One key element missing from Ghilarducci’s assessment is the role of the Pentagon budget in draining the U.S. national economy in light of millions facing evictions, food deficits due to inflationary pressures and the deterioration of the medical, educational and environmental infrastructure throughout the country in urban, suburban and rural areas. Initiating a proxy war against Moscow and raising tensions with the People’s Republic of China to heightened levels can only ensure that military spending will increase.

The White House and Pentagon are once again attempting to convince people in the U.S. to accept yet another “permanent war”, this time in Eastern Europe. Despite the failures in Vietnam, Southern Africa, Iraq, Afghanistan, Syria, Haiti, Libya, Palestine, Colombia, Cuba, Venezuela, etc., the administration of President Joe Biden has prioritized conventional warfare against Russia as the first priority leading into the 2024 national elections.

Nonetheless, in Western Europe opposition to the arming of Ukraine is being manifested in rallies and protest demonstrations involving thousands of people. These demonstrations have not been replicated as of now in the U.S. although a recent poll taken by the Associated Press indicated that support for sending weapons to Ukraine among the electorate was down to 48%. Everyone must keep in mind that these responses by voters are occurring while all news being transmitted across major corporate and government-controlled networks is heavily biased against Russia which is consistently portrayed as the aggressor in the war.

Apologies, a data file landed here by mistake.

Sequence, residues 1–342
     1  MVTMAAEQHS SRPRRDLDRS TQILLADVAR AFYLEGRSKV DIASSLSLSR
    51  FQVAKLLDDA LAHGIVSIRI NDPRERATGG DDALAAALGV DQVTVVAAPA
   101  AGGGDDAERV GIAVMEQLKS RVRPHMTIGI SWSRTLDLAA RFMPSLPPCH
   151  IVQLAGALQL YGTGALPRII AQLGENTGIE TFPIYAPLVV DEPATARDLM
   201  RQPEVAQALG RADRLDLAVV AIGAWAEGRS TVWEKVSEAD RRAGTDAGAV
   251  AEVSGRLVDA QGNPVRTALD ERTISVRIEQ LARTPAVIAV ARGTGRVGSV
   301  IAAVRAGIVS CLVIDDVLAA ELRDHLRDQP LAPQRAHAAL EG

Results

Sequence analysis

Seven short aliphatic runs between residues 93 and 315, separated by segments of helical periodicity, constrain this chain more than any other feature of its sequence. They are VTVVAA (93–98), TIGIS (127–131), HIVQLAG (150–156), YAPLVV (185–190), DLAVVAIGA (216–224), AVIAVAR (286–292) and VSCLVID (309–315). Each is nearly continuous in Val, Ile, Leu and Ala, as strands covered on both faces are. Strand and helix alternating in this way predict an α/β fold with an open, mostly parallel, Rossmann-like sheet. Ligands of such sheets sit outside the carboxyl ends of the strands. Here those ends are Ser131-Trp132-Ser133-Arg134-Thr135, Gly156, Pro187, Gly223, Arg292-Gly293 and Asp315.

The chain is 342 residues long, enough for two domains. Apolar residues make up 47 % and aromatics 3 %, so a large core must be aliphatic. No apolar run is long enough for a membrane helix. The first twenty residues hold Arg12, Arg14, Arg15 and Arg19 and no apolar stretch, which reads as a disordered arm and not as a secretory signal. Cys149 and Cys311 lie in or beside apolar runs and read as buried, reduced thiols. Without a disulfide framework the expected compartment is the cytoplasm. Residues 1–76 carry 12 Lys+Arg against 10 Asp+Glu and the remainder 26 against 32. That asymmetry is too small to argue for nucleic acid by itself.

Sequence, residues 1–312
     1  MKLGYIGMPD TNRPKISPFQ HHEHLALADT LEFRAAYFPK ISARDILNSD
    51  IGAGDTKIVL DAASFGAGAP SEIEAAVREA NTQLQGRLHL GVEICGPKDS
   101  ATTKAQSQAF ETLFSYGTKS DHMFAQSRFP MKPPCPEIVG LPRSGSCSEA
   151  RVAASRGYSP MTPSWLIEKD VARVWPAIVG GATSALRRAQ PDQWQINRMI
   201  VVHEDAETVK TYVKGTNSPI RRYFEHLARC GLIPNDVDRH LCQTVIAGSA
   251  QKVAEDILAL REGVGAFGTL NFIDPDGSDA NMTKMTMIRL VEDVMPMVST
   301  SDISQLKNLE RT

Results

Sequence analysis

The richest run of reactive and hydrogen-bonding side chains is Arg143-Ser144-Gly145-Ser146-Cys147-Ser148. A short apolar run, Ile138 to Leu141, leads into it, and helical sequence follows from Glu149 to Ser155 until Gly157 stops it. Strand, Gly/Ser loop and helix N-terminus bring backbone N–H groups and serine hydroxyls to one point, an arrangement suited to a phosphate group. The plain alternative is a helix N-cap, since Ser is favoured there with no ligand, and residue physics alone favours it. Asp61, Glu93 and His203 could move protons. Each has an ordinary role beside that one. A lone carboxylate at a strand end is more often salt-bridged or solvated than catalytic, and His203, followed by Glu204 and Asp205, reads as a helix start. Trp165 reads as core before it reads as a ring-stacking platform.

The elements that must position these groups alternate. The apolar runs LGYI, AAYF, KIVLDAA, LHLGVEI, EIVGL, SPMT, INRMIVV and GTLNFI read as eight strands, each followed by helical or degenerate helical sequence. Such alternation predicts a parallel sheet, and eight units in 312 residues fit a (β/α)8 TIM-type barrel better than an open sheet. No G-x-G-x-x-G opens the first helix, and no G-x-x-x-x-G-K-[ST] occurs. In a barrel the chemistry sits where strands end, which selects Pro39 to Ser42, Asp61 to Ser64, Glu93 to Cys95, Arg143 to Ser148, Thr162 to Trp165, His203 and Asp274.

The only response to the escalating crisis in the U.S. is the raising of interest rates by the Federal Reserve Bank and the ignoring by government officials of the thousands of layoffs taking place in important sectors of the economy. During the week of March 6, two large banks which are intertwined with the tech sector collapsed. In addition, the four largest banks based in the U.S. lost $52 billion in value on March 7-8 while Fed Chairman Jerome Powell addressed the Senate and House of Representatives. Stocks markets plummeted during this same week with almost no acknowledgement from the White House.

What these events illustrate from France to the U.S. is that workers and youth throughout the capitalist states must recognize that the existing system cannot deliver the necessities of life in the 21st century. There should be a renewal of socialist thought and programmatic direction which views the current problems as an opportunity to advance militant solutions aimed at ending all forms of exploitation and oppression.